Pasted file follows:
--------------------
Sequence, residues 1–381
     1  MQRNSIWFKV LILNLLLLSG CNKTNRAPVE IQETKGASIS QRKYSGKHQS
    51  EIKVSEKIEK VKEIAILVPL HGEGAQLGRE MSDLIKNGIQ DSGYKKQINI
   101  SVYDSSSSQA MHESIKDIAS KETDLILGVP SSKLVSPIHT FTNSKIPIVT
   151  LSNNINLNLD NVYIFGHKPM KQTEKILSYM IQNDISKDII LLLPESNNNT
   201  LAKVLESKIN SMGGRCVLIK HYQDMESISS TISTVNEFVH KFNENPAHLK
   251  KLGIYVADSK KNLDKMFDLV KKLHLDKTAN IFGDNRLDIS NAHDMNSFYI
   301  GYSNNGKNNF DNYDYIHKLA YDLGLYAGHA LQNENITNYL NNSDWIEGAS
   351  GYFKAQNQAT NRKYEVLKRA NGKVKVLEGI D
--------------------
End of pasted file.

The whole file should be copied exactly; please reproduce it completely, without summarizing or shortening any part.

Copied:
Sequence, residues 1–381
     1  MQRNSIWFKV LILNLLLLSG CNKTNRAPVE IQETKGASIS QRKYSGKHQS
    51  EIKVSEKIEK VKEIAILVPL HGEGAQLGRE MSDLIKNGIQ DSGYKKQINI
   101  SVYDSSSSQA MHESIKDIAS KETDLILGVP SSKLVSPIHT FTNSKIPIVT
   151  LSNNINLNLD NVYIFGHKPM KQTEKILSYM IQNDISKDII LLLPESNNNT
   201  LAKVLESKIN SMGGRCVLIK HYQDMESISS TISTVNEFVH KFNENPAHLK
   251  KLGIYVADSK KNLDKMFDLV KKLHLDKTAN IFGDNRLDIS NAHDMNSFYI
   301  GYSNNGKNNF DNYDYIHKLA YDLGLYAGHA LQNENITNYL NNSDWIEGAS
   351  GYFKAQNQAT NRKYEVLKRA NGKVKVLEGI D